Control of daughter cell fates during asymmetric division: interaction of Numb and Notch

Neuron. 1996 Jul;17(1):27-41. doi: 10.1016/s0896-6273(00)80278-0.


During development of the Drosophila peripheral nervous system, a sensory organ precursor (SOP) cell undergoes rounds of asymmetric divisions to generate four distinct cells of a sensory organ. Numb, a membrane-associated protein, is asymmetrically segregated into one daughter cell during SOP division and acts as an inherited determinant of cell fate. Here, we show that Notch, a transmembrane receptor mediated cell-cell communication, functions as a binary switch in cell fate specification during asymmetric divisions of the SOP and its daughter cells in embryogenesis. Moreover, numb negatively regulates Notch, probably through direct protein-protein interaction that requires the phosphotyrosine-binding (PTB) domain of Numb and either the RAM23 region or the very C-terminal end of Notch. Notch then positively regulates a transcription factor encoded by tramtrack (ttk). This leads to Ttk expression in the daughter cell that does not inherit Numb. Thus, the inherited determinant Numb bestows a bias in the machinery for cell-cell communication to allow the specification of distinct daughter cell fates.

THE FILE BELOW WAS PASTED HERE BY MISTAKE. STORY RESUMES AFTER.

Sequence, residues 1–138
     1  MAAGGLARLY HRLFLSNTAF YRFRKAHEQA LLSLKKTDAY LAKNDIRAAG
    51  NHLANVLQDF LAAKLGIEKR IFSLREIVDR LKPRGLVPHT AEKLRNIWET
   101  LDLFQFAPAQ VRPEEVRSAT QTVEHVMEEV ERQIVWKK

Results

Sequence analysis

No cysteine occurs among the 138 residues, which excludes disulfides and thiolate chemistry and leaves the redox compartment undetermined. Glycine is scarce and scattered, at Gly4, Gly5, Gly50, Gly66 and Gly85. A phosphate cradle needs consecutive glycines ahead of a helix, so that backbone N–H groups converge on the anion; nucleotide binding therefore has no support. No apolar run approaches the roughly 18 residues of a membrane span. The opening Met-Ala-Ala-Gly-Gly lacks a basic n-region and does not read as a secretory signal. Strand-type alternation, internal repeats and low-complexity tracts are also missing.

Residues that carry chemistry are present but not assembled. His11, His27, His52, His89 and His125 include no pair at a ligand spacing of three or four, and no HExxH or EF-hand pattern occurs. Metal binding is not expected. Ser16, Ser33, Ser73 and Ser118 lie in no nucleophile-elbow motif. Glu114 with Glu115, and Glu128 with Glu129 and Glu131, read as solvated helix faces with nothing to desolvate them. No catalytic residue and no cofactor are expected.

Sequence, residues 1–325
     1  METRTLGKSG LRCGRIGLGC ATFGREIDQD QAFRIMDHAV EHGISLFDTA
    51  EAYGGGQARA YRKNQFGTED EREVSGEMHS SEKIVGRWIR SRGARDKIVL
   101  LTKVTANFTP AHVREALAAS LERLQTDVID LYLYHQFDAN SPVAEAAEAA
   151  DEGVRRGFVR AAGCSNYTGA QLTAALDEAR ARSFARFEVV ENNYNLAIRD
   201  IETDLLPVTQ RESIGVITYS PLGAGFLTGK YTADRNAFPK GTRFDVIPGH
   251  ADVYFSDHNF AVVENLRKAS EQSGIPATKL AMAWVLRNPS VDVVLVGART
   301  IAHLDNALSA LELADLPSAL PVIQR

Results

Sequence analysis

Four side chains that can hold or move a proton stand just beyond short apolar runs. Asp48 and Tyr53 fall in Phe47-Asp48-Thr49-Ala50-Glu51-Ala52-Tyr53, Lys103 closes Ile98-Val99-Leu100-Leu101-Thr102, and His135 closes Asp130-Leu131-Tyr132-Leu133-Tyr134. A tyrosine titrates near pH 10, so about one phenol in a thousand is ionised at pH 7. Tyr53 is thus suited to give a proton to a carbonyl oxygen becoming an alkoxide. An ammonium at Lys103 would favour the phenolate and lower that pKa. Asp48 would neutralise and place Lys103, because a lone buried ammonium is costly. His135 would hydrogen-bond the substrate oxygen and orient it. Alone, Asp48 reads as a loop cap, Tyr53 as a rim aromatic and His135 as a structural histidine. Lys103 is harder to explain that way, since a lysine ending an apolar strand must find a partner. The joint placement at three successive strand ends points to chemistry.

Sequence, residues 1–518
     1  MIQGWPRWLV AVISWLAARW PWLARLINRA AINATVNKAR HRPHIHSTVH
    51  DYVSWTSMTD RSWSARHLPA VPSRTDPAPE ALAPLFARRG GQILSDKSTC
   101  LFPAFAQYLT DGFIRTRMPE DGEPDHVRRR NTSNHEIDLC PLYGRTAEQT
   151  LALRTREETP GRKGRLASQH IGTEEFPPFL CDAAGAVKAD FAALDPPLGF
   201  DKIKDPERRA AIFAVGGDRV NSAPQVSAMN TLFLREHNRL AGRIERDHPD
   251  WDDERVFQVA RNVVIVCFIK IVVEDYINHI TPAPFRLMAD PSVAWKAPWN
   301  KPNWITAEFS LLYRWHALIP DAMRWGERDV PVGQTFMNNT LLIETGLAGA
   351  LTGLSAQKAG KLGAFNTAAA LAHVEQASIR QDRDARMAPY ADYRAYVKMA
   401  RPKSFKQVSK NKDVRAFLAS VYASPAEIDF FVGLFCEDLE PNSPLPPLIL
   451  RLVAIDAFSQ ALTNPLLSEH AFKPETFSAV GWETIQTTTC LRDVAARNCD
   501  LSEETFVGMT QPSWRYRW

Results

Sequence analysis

Publication types

  • Research Support, Non-U.S. Gov't
  • Research Support, U.S. Gov't, P.H.S.

MeSH terms

  • Animals
  • Cell Differentiation
  • Cell Line
  • Drosophila / embryology
  • Drosophila Proteins
  • Embryonic and Fetal Development
  • Female
  • Juvenile Hormones / physiology*
  • Male
  • Membrane Proteins / physiology*
  • Receptors, Notch
  • Sense Organs / cytology*
  • Stem Cells / cytology*
  • Transcription Factors / physiology


  • Drosophila Proteins
  • Juvenile Hormones
  • Membrane Proteins
  • N protein, Drosophila
  • Receptors, Notch
  • Transcription Factors
  • numb protein, Drosophila